• New User Docs RSS Feed

    by Published on 08-Mar-2013 09:36     Number of Views: 7673 
    1. User Type:
    2. 1-Beginner,
    3. 2-Intermediate

    GUI is great, but sometimes you just need to get down to the command line. For new users trying out Linux for the first time or others that just don't know Unix/Linux much and need a quick reference. This Linux cheat sheet runs you through common and helpful commands you'll need to know as you get comfortable with the command line.

    Code:
    # cheat_sheet.org
    # (C) William Hackmore, 2010
    # The contents of this file are released under the GNU General Public License. Feel free to reuse the contents of this work, as long as the resultant works give proper attribution and are made publicly available under the GNU General Public License.
    # Last updated 8/14/2012
    # Best viewed in emacs org-mode.
    
    * Command Reference:
    ** Basics:
    *** Getting help:
    
    # View the manual for target command
    man [command]
    
    # Get help with a target command (probably the same as above, but not always):
    [command] -h
    
    # In case you forget the name of a command, print possible commands relating to [guess]:
    apropos [guess]
    
    # View index of help pages:
    info
    
    *** Command Line Utilities:
    **** Basic File and Directory Operations:
    # Print current working directory:
    pwd
    
    # Show files in current directory:
    ls
    
    # Show maximum information about all files, including hidden:
    ls -a
    
    # Recurse into subdirectories and list those as well:
    ls -r
    
    # Move/rename a file or directory (be careful that you don't move the source over a destination with the same name):
    mv [source] [destination]
    
    # Delete target forever (be very careful), use -r recursive flag for directories:
    rm [target]
    
    # Copy file or directory:
    cp [source] [destination]
    
    # Mount filesytem:
    mount /dev/[device name] /media/[device name]
    
    # Unmount:
    umount /media/[device name]
    
    # Forensically clone filesystems and do other low-level operations on files. Very dangerous:
    dd
    
    # Work with filesystems and partitions. (Easier, still quite dangerous):
    fdisk
    
    **** System Administration:
    
    # Execute command as an administrator (dangerous, but necessary for system administration tasks):
    sudo [command]
    
    # Become system administrator:
    sudo -s
    
    # Quit system administration:
    exit
    
    # Check distro repositories for software updates:
    sudo apt-get update
    
    # Download and install updates (update first):
    sudo apt-get upgrade
    
    # Search for package in the repositories:
    apt-cache search [keyword]
    
    # Get more detail on one specific package:
    apt-cache show [package name]
    
    # Download and install a package:
    sudo apt-get install [package name]
    
    # View the output of a command in a more convenient format:
    [command] | less
    
    **** Working With Files:
    
    # Print a file in terminal:
    cat
    ...
    by Published on 02-Jun-2011 05:28  Number of Views: 6302 
    1. User Type:
    2. 1-Beginner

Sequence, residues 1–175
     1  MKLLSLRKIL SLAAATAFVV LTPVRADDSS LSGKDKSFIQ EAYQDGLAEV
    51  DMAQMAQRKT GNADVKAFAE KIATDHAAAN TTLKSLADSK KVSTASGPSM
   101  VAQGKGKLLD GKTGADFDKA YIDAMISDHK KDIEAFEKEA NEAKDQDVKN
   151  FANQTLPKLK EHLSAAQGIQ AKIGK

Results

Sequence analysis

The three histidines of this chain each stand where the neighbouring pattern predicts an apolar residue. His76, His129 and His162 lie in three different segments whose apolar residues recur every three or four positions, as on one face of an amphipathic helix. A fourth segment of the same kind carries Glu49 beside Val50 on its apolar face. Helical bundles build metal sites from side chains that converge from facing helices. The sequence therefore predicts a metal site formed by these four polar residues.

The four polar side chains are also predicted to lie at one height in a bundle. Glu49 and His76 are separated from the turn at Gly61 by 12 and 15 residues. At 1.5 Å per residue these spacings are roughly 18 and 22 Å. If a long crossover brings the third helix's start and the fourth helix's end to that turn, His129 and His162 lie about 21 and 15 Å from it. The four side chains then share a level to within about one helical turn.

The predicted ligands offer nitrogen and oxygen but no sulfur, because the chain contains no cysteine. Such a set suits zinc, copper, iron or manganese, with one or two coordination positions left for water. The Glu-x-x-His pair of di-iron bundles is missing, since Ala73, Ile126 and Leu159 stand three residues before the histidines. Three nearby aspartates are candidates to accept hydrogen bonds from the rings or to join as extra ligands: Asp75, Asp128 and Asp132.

This article series is for New openSUSE users (ie newbies to openSUSE) to provide basic guidance in burning your installation CD/DVD and installing openSUSE. This is for simple, and not complex setups.

    This first article is the first of a series of posts in this thread, which will hopefully provide helpful hints on how to install openSUSE.

    Note: openSUSE releases are scheduled in advance. Please wait until the release date, and then proceed to download your CD / DVD. [Before then you will get the last openSUSE version]. You may also find things somewhat slow the first day or so, as the masses all try to download at once.

    1. Where to find the openSUSE installation ISO file

    Note, typically you go to openSUSE web site, and download an ".iso" file. Software.openSUSE.org

    You then burn that to a CD or DVD (dependent on whether you downloaded CD or DVD version) the installation CD/DVD. This first post has some important hints on that.

    Please note, if you decide to download openSUSE, pay very close attention to the MD5 checksum.

    2. Checking MD5 ...
    by Published on 01-Jun-2011 10:58  Number of Views: 2506 
    1. User Type:
    2. 1-Beginner

    Important information for users planning to install openSUSE 11.4 Note: openSUSE-11.4 was released 10-March-2011

    The VERY first thing to do is read our "general" openSUSE stickie here:
    NEW Users - openSuse Pre-install (general) PLEASE READ - openSUSE Forums

    Again, note you MUST read that link above. The majority of the information you need for a smooth installation/use of openSUSE is located there!

    Now after you have read that, please continue for openSUSE-11.4 specific information (note some links may still point to 11.3) ...

    New Users - Additional Important Links you should know about

    Here are some more important ...
    by Published on 01-Jun-2011 06:23  Number of Views: 2080 
    1. User Type:
    2. 1-Beginner
    Article Preview

    We are going to attempt to explain the new packman repository layout. Some things you should know:

    • Packman is a complete source of multimedia (except libdvdcss)
    • It can now be divided in 4 sections or more typically added as one complete repo
      • The divisions if you want to use Packman that way, are:
        • Essentials
        • Extra
        • Games
        • Multimedia







    • Packman is mirrored in different locations. You can see more about that here:

    Additional package repositories - openSUSE

    Multimedia Playback
    There are established practices and accompanying guides for setting up Multimedia Playback. Here: ...